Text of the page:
NBA free agency: 30 worst free agent signings in NBA history

Gilbert Arenas, Nick Young, Washington Wizards. (Photo by David Dow/NBAE via Getty Images)
Gilbert Arenas, Nick Young, Washington Wizards. (Photo by David Dow/NBAE via Getty Images) /
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Jim McIlvaine, Seattle SuperSonics
Jim McIlvaine, Seattle SuperSonics. (Photo by Andrew D. Bernstein/NBAE via Getty Images) /

Worst free agency signings in NBA history: 21. Jim McIlvaine, Seattle SuperSonics

The then-Seattle SuperSonics made a few bad gambles that their franchise could never quite recover from. One of those gambles came during the 1996 NBA free agency period when they had a chance to sign a lucrative deal.

After two seasons with the then-Washington Bullets in a backup role, Jim McIlvaine entered free agency. Through 135 appearances, he put up 2.1 points, 2.5 rebounds and 1.7 blocks per game with the Bullets, but it came as a shock to many when the SuperSonics offered and signed him to a seven-year, $34 million deal.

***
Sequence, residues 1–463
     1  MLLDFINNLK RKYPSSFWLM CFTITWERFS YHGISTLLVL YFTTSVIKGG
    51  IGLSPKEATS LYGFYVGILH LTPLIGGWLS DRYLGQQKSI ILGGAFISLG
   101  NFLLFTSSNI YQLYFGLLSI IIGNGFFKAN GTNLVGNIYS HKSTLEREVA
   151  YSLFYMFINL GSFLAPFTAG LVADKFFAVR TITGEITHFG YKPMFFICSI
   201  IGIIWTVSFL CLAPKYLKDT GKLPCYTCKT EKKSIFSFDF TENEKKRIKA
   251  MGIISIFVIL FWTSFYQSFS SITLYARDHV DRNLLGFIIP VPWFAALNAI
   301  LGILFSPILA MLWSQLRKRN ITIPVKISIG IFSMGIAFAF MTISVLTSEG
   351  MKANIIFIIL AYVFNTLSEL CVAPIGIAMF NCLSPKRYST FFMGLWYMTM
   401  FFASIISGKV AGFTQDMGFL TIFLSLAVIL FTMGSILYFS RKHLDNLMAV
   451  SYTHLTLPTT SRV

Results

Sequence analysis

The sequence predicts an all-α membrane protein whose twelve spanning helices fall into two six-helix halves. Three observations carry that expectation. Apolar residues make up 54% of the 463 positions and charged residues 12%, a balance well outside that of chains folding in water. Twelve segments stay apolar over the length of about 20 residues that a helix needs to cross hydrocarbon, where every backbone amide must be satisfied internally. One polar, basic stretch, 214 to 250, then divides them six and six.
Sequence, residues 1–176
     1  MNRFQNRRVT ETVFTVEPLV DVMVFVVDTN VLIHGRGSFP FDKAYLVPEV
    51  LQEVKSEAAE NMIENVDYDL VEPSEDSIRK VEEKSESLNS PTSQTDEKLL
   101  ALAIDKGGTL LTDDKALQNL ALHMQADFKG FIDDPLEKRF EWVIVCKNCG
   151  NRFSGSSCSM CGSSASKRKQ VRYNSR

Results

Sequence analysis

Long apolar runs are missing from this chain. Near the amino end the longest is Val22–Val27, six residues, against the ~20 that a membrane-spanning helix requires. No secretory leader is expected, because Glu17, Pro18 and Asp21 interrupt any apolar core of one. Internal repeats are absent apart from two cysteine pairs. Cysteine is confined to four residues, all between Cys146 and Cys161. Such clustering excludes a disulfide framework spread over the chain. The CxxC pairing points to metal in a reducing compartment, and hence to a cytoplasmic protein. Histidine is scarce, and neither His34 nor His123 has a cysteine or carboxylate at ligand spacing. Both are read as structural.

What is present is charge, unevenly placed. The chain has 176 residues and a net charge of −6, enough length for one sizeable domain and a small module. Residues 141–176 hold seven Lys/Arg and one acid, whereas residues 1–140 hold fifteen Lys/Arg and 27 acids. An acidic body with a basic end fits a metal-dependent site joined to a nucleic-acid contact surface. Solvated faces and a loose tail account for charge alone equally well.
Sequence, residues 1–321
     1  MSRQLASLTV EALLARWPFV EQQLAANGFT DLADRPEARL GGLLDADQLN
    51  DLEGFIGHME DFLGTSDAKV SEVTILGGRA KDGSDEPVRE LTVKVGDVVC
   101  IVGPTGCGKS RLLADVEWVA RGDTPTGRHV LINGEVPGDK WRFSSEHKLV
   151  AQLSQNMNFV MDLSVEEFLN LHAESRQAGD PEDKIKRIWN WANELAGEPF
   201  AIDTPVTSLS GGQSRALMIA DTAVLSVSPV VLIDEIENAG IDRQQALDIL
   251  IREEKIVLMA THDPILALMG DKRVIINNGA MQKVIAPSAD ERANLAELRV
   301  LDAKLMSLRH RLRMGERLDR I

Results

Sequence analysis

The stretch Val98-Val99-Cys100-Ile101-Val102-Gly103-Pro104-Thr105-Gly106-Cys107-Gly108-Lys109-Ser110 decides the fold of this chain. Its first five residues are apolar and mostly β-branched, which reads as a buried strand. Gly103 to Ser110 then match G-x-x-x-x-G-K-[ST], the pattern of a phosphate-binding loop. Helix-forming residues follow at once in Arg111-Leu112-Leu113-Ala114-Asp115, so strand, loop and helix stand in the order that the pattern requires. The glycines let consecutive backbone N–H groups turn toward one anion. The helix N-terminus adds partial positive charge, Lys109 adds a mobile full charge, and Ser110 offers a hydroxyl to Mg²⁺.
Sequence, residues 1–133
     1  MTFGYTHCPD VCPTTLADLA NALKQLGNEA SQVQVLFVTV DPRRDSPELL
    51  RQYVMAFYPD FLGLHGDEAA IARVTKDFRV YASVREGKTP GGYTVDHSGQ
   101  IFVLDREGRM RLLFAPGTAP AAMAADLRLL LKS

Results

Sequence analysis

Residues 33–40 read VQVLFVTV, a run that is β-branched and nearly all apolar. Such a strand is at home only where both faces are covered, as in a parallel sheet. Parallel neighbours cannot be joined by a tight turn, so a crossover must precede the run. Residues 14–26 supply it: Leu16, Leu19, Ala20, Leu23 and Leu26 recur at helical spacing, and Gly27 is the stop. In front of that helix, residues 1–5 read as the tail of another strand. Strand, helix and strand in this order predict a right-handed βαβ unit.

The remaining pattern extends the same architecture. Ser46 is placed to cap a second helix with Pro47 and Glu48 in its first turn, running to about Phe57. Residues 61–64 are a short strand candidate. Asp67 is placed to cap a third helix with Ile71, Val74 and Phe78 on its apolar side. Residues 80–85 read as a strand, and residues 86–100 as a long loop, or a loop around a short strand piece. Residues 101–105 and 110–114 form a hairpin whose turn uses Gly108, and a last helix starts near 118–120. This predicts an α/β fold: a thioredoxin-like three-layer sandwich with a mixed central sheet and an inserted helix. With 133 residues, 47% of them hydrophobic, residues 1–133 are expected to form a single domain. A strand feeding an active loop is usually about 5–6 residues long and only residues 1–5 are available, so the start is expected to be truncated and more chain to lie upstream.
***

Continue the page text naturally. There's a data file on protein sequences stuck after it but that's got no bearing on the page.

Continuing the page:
For a guy who hadn’t put up more than 12 points or 11 rebounds in a game, he was given quite the deal (roughly $4.8 million/per year) by the SuperSonics. It quickly struck the ire of fans and even Shawn Kemp in particular.

After leading Seattle to their third NBA Finals appearance in team history a franchise-record 64 wins, Kemp had requested a contract extension, but the collective bargaining agreement didn’t allow for one to happen until October 1997.

McIlvaine’s signing had a domino effect on the demise of the SuperSonics franchise. After triggering the ire of Kemp, Seattle shipped him off to the Cleveland Cavaliers in a three-team deal that secured them Vin Baker during the 1997 NBA offseason.

After two seasons in Seattle and with five years left on his deal, McIlvaine was traded by the SuperSonics to the then-New Jersey Nets. After three seasons and 106 appearances in New Jersey, McIlvaine was out of the league after the 2000-01 NBA season.